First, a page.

SBU's Family Business Club excels creatively in global case competition

by CASANDRA NGUYEN, SBU NEWS
Wed, Feb 4th 2015 11:30 am
St. Bonaventure University News  [ View Original Article ]
Members of SBU's Family Business Club competed against teams from around the world at the Family Enterprise Case Competition at the University of Vermont. Pictured with event organizer Rustin Nethercott (left) are Dr. Carol Wittmeyer, SBU Family Business Club coach, and Vikas Kotha, Peyton Leveillee (SBU team ambassador), James Rynone and Benjamin Marcus.
Members of SBU's Family Business Club competed against teams from around the world at the Family Enterprise Case Competition at the University of Vermont. Pictured with event organizer Rustin Nethercott (left) are Dr. Carol Wittmeyer, SBU Family Business Club coach, and Vikas Kotha, Peyton Leveillee (SBU team ambassador), James Rynone and Benjamin Marcus.

St. Bonaventure's Family Business Club was recognized for its innovative and unique case solutions and delivery at the globally renowned Family Enterprise Case Competition (FECC). The event was held from Jan. 8 to 11 at the University of Vermont.
 
Members of the club who participated in the event were Vikas Kotha, Benjamin Marcus, James Rynone and Dr. Carol Wittmeyer, associate professor of management and adviser of SBU's Family Business Club.
 
There were 19 teams from nine different countries fighting for one of the two Family Enterprise Cups.  International competitors swept the majority of the awards, but SBU came out on top with the sole creativity award in the undergraduate division.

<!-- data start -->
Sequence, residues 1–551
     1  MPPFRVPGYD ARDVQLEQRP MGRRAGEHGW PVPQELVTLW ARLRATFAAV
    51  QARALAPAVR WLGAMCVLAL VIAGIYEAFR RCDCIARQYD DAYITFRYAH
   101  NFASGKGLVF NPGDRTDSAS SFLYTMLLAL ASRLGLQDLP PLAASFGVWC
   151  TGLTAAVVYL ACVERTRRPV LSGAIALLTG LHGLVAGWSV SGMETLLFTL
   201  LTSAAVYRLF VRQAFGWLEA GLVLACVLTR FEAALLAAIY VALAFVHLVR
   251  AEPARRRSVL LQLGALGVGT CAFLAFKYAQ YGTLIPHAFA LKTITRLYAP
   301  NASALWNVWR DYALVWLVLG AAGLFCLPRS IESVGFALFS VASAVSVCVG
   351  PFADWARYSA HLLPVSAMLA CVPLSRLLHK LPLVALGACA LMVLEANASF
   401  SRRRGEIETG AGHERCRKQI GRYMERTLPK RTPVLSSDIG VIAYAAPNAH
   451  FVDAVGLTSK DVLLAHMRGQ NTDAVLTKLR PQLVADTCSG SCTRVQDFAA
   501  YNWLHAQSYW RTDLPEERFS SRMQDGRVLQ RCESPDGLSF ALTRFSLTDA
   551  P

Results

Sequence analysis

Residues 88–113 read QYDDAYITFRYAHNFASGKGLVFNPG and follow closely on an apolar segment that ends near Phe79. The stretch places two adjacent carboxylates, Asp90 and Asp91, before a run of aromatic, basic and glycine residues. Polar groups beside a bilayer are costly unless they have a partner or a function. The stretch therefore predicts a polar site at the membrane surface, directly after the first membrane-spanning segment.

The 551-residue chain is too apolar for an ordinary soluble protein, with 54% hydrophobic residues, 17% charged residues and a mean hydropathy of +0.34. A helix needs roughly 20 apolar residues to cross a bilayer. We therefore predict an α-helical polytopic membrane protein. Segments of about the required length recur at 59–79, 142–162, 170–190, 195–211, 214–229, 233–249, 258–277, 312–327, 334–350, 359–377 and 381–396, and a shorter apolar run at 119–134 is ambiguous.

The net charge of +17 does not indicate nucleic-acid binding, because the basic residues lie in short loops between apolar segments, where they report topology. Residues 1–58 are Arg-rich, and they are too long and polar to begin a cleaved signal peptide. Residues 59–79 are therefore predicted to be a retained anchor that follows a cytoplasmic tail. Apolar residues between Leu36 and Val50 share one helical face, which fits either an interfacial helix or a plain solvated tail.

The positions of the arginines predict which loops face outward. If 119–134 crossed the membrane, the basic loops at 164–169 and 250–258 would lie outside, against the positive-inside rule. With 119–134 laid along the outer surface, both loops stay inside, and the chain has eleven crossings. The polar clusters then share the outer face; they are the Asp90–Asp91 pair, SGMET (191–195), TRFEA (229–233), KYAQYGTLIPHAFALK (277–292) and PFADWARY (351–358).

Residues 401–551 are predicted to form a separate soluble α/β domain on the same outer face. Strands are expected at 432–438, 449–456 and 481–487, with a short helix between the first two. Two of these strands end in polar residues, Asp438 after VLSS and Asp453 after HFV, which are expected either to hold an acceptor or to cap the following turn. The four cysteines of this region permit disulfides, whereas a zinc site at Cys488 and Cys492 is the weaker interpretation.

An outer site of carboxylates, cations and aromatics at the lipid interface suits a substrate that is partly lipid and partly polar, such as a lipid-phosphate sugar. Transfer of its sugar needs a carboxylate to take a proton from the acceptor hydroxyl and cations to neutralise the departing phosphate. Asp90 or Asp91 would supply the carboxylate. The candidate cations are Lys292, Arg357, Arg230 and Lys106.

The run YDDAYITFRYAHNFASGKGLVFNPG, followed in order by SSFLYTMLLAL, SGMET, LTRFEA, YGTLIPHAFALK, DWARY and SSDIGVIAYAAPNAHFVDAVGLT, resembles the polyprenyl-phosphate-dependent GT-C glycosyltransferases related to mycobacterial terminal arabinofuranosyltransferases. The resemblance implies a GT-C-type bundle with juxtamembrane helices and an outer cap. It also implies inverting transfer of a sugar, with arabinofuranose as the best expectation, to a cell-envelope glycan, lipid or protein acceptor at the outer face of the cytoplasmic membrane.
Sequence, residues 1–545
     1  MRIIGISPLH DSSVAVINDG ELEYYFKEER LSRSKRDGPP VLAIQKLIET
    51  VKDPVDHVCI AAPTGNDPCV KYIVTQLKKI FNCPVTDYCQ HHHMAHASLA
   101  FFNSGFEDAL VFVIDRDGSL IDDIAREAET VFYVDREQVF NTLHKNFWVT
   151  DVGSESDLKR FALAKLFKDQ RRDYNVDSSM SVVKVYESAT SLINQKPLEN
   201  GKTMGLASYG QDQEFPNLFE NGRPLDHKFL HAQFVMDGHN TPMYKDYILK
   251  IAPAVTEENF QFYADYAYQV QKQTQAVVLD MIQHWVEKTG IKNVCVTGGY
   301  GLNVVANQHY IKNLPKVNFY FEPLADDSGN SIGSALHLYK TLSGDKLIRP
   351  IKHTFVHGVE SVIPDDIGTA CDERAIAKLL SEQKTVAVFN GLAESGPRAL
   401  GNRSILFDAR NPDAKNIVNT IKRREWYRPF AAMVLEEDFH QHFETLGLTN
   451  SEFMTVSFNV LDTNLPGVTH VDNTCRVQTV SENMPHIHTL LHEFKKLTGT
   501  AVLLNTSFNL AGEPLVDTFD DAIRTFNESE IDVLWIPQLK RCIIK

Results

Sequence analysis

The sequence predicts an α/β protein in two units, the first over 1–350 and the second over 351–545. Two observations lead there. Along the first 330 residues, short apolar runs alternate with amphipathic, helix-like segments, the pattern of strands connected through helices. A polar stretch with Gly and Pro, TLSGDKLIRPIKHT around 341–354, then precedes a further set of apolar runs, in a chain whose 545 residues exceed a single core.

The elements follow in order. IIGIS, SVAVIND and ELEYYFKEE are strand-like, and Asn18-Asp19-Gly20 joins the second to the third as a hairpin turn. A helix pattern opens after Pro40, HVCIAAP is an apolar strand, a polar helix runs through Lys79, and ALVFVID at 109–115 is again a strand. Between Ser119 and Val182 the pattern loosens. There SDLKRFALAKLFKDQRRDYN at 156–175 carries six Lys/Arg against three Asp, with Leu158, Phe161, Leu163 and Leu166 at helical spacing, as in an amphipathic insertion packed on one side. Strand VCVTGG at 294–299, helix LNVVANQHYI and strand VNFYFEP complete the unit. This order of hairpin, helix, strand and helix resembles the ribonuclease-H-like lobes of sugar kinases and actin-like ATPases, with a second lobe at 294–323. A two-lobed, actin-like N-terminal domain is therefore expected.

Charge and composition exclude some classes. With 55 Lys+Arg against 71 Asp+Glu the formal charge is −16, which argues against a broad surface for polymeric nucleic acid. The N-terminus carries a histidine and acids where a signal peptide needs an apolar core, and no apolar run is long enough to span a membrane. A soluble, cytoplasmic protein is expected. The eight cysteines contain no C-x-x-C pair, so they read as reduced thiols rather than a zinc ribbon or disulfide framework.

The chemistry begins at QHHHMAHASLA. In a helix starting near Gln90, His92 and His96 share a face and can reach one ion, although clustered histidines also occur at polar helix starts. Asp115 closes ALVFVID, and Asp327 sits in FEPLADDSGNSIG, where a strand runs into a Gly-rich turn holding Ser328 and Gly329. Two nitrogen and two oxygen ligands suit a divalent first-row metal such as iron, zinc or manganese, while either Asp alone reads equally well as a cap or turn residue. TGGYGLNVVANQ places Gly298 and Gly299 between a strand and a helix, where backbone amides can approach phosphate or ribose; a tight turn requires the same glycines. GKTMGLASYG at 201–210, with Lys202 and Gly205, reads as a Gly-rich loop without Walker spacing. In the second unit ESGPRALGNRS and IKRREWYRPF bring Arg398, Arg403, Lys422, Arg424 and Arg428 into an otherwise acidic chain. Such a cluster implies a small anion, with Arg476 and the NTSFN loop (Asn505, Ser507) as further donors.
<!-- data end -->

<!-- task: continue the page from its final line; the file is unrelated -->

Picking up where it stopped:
The competition consisted of four challenging rounds. Each team presented their case findings to a panel of judges who then determined which group comprehended, analyzed and presented the most convincing case study.
 
The SBU team changed their presentation styles and PowerPoint presentations throughout the competition. Judges were impressed by their confidence and ability to change styles during the team's first appearance at the competition.
 
"The event was eye-opening," said Kotha, a senior biology major and business administration minor. "You see certain things in a classroom, but you don't know how they apply in real life until you are actually in a position to apply it. It was beneficial because it's going to make the classroom-to-real life transition smoother."
 
Each member of the SBU team has a background in family business and has goals of carrying out their individual family businesses. They were forced to connect with the panel of judges on a professional level, but did not struggle when it came to talking about their personal family backgrounds.
 
"It was a great experience for us to meet and become friends with peers from around the world," said Wittmeyer, coach of the team. "Teams approached the same case from very different viewpoints, which helped all of us get out of our Bona Bubble and understand there can be many ways to view, identify and solve a problem. It was particularly exciting to watch our team transform daily from one presentation to the next. They represented the true Bonnie's spirit of competing, sorting out better strategies for the next round and getting right back into the game."
 
"The event was beneficial, and I would do something similar again if the opportunity was there," said Marcus, a junior management major. "It taught professionalism, and it helped me better my presenting skills. I hope to own and run my own business someday and this will help me realize my goal."
 
The club is willing to compete again with the skills that they acquired over the four-day competition.
 
"I would like to do a competition like this again," said Rynone, a junior management major. "It was fun to see our team progress throughout the week and how much better we were when we left, opposed to when we arrived."
 

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